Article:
Updated: October 16, 2020 3:18:04 pm
Knuckle balls, cross-seam deliveries, slower bouncers and back-of-the-hand stuff. These are some of the skills pacemen have had to learn to contain marauding batsmen in limited-overs cricket. Twenty20 cricket is generally not good for a fast bowler’s ego, as they are not allowed to dictate terms.
But the 2020 Indian Premier League is witnessing a refreshing change, and Wednesday’s match between Delhi Capitals and Rajasthan Royals was a shining example. The fast bowlers didn’t resort to change of pace or line to deceive the batsmen after being hit for a four or six. They stuck to their strengths and, if anything, tried to bowl quicker and targeting the stumps. Jofra Archer, Anrich Nortje and Kagiso Rabada showed that pace is still one of the most precious currencies in cricket, no matter the length of the game.
If one looks at the teams struggling at this moment – such as Chennai Super Kings, Sunrisers Hyderabad and Kings XI Punjab – they lack the extra dimension in their attack that extreme pace provides.
Plan A, plan B…pace
Consider this: Nortje’s first delivery of the night, bowled at 148 kmph, is lofted by Jos Buttler over long-on for a six. Far from being disheartened, the South African cranked his speed further, to 152.3 and 152.1 kmph, on the next two balls.
The subsequent two deliveries showcased the audacity of T20 batting as Buttler ramped them for boundaries, the second one the fastest ball (156.22kmph) in IPL history. In the usual scenario, any bowler would be at his wit’s end. But Nortje stuck to what he knows best and got rewarded for it. A 155.4 kmph ball, straight and full at the stumps, beat the Englishman’s attempted hit down the ground and shattered the stumps.
There were a few more 150+ kmph deliveries in Nortje’s next over, and even Ben Stokes and Steve Smith – who would have faced such extreme pace – knew better than to take any chances.
Nortje has bowled the five fastest deliveries in this edition, topping at 156.22 km per hour on Wednesday.
But Nortje’s most crucial contribution was still to come.
With Royals needing 29 runs in three overs, the South African speedster held his nerve and castled Robin Uthappa with a yorker at the base of middle-and-leg stump, bowled at 149.7 kmph as the batsman tried to charge at the pacer. Nortje closed out his spell with a 151.6 kmph delivery as the 18th over went for just four runs, including a bye, as momentum changed hands. Nortje’s effect on the game was far more than his figures of 2/33 would suggest.
Rabada gave fewer runs and had perfectly respectable figures of 1/28 in four overs, but looked distinctly pedestrian in comparison to his compatriot.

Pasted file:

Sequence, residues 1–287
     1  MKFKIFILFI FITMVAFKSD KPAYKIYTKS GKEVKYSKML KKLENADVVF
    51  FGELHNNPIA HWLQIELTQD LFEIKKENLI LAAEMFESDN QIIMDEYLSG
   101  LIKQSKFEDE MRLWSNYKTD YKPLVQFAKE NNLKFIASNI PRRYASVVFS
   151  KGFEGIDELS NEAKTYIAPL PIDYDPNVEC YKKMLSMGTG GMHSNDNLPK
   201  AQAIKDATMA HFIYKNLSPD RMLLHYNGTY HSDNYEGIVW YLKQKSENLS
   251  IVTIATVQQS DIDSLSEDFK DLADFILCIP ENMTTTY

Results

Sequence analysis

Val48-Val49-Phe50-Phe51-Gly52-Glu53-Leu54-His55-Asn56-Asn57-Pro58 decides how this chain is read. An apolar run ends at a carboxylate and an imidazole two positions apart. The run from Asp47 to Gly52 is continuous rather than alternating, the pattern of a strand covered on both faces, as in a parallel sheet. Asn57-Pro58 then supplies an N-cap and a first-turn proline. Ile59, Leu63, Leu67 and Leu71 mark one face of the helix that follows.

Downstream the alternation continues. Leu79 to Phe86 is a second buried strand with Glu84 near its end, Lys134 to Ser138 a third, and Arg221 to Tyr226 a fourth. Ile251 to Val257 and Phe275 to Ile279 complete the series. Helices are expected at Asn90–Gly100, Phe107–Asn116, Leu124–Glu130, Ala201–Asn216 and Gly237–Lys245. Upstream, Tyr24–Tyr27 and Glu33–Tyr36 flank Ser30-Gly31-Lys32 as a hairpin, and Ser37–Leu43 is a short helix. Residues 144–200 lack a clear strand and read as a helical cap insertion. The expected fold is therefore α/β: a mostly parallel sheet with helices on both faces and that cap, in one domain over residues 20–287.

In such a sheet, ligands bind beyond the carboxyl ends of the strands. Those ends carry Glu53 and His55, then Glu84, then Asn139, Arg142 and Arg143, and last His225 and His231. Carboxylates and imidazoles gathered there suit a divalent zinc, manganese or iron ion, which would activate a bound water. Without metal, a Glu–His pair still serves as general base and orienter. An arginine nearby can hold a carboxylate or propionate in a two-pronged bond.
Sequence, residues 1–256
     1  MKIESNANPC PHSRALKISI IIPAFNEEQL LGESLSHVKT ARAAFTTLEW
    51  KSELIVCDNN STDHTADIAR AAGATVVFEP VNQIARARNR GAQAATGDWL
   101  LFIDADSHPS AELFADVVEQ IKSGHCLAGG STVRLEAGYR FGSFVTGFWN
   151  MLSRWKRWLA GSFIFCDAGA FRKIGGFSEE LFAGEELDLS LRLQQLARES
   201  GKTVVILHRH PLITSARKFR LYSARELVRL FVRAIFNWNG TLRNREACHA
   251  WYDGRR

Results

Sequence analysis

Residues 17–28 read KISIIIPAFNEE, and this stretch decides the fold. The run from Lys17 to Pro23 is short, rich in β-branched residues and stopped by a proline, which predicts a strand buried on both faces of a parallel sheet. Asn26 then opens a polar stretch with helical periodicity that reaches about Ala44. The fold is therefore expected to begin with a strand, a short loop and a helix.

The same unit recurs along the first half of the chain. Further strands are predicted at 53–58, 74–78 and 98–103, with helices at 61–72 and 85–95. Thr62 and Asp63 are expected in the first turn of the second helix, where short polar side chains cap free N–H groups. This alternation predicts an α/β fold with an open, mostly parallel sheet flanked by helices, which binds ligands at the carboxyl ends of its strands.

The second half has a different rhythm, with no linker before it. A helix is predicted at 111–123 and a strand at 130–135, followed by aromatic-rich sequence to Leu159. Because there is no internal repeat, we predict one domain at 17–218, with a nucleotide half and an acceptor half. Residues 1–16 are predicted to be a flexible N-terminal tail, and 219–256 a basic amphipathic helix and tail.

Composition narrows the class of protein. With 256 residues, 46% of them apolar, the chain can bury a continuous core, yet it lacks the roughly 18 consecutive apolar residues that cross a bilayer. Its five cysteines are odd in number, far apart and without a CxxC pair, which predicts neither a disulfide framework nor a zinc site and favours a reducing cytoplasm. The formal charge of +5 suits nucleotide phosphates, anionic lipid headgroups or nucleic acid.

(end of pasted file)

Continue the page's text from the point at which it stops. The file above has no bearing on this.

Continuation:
Dale Steyn held the record for the paciest delivery in the IPL before this season (154.4 kmph), and is understandably delighted with the success his tribe is enjoying and the way they are making batsmen squirm and hop.
“KG, Archer, Ana I’d have paid to watch them live tonight. Fast bowling is strong, and this competition is being dominated by these beasts!” the legend, presently on RCB’s books, tweeted after Wednesday’s game.
Archer lightning quick too
The fast bowling exhibition had started earlier in the evening with Archer making the Delhi Capitals batsmen dance to his tunes. He bowled Prithvi Shaw with one that jagged back off the first ball of the match, and reached a speed of 148 kmph with his seemingly lazy action, allied with the movement he got. A seasoned professional like Ajinkya Rahane was made to look all at sea in the third over before attempting an ill-advised and ungainly pull to be caught at mid-on. Archer reached 151 kmph in that over. It may have been advisable to give Archer another over at that stage, but skipper Smith held him back for the death. There too he kept the speed gun interested, while getting dangerman Marcus Stoinis with his last ball. Archer’s spell read 3/19 and he didn’t deserve to be on the losing side in the end.
150kmph-plus, the new 140 ?
According to the IPL’s official website, Nortje and Archer have combined to bowl 19 of the 20 fastest deliveries this season. Pat Cummins is the third man in the top 20, having bowled one at 151.7 kmph. In total, after Wednesday’s game, the 150 kmph mark has been reached 34 times.
A line of thought says that as the pitches get slower in the second half of the tournament, spinners will get more joy, But those who are quicker through the air may still have enough to take the surface out of the equation.
Apart from DC and RR, other teams doing well have at least one express bowler. Mumbai Indians have James Pattinson, along with Jasprit Bumrah and Trent Boult, while Royal Challengers Bangalore have the impressive Navdeep Saini in their ranks and Cummins is flying the flag for Kolkata Knight Riders.
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